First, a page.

Posts Tagged ‘Home’

I’m Thankful For My Home

Posted: November 27, 2013 in Attitude
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We’ve lived in our current home for 25 years. It’s a modest Cape Cod home in St. Matthews (Louisville), Kentucky. Our boys were young when we purchased it and have long since moved away. We finished the basement in 2000 to have a nice hangout for our sons’ friends and thoroughly enjoyed the years when it was filled nightly with lots of teenagers and college students. Of course, the basement is my man cave now and where my dog and I spend most of our time. Last year we made other major upgrades to the kitchen and upstairs that will serve us well for a long while to come.

A couple of years ago we made an attempt to move to downtown Louisville closer to our work and church, but we were unable to sell our house at the time (largely due to the kitchen and upstairs needing updates) and finally gave up on that idea in favor of sprucing up our current place. In all likelihood, this is where we will remain for the foreseeable future, and we’re both fine with that.

I could be content in all kinds of different homes, large or small. I could even be content in one of the tiny little micro homes you may have seen in the news lately. I guess that’s why I didn’t mind traveling for work years ago and living in hotel rooms about three weeks per month while doing so. That was enough room for me. I can’t stand clutter, so I’d be happy to give away at least half of everything in our house, probably more. In fact, I’d be pretty content just having my basement of our current house, but it would look a little silly without the main and second floors above it. It’s safe to say that I do not measure success or contentedness by the size of my house or the quantity of its contents.

What makes it a great home, though, is that it’s a haven. It’s peaceful. I can sit in my favorite recliner in my man cave surrounded by things that fill my days and evenings. I can connect to or disconnect from the world as I wish via whatever communications channel I choose. I can throw the Frisbee with my dog, watch the little critters come and go from the back yard, read a book, surf the Web, talk with my wife, soak in the Jacuzzi, sip my favorite beverage or entertain guests. I can walk to a nearby park or places of business. I can sit on the patio or on the front porch and see a street full of younger families with little children and their dogs playing.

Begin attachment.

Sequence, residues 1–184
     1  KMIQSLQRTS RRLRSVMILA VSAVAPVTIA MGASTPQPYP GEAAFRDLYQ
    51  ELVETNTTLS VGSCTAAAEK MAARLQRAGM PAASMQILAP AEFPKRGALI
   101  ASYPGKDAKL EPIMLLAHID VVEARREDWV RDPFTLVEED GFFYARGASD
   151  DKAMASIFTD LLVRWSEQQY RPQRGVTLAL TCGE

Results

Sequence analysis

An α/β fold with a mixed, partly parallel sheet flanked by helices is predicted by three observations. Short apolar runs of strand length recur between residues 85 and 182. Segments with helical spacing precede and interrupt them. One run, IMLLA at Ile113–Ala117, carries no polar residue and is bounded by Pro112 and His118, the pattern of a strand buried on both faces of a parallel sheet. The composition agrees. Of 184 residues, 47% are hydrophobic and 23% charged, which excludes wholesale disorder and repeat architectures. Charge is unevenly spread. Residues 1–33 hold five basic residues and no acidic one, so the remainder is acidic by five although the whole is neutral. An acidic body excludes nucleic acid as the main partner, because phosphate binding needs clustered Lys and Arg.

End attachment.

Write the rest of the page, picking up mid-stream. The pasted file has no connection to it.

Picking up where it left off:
It’s a good home. It fits us. A quarter of a century ago when we moved here, we were among the youngest families on the block. Now we’re the undisputed oldest couple on the block. That’s OK. It’s nice to be surrounded by the sounds of kids playing.

In a world where so many don’t have a decent place to live, I am truly thankful to have this home as my haven. It is more than enough.

Thank you, God, for my home.

I love to travel. For a number of years when I was self-employed, I was on the road about three weeks per month. That was perfectly fine with me. I enjoyed it. I got to see all kinds of places I would not have otherwise seen. My wife got to join me on occasion. I have very fond memories of most of those trips.

Travel doesn’t take much of my time any more for work or pleasure, but when I do travel, the ending is always the same – I love coming back home.

After seven nights at South by Southwest in Austin, TX, by yesterday I was anxious to get on that plane and get back to my family, my dog and my own comfortable surroundings. There is just something about settling in to your own chair with your favorite drink in your own castle (however small) that is always better than what even the nicest hotel can offer.

I am grateful that my home and family are a joy to return to. I realize that not everyone is as fortunate, and my heart goes out to those who yearn to get away for good or who fear to come back. Everyone should have that safe haven to call their own.

Today’s lesson isn’t anything that most (if not all) reading it have said themselves after a long vacation or time away. It’s good to be reminded, though, that the grass is pretty green on my own side of the fence. I have all I really could ever need and so much more.

So excuse me while I put on my ruby slippers, click my heels together, and say along with Dorothy from The Wizard of Oz leap year lesson #75 – There’s no place like home.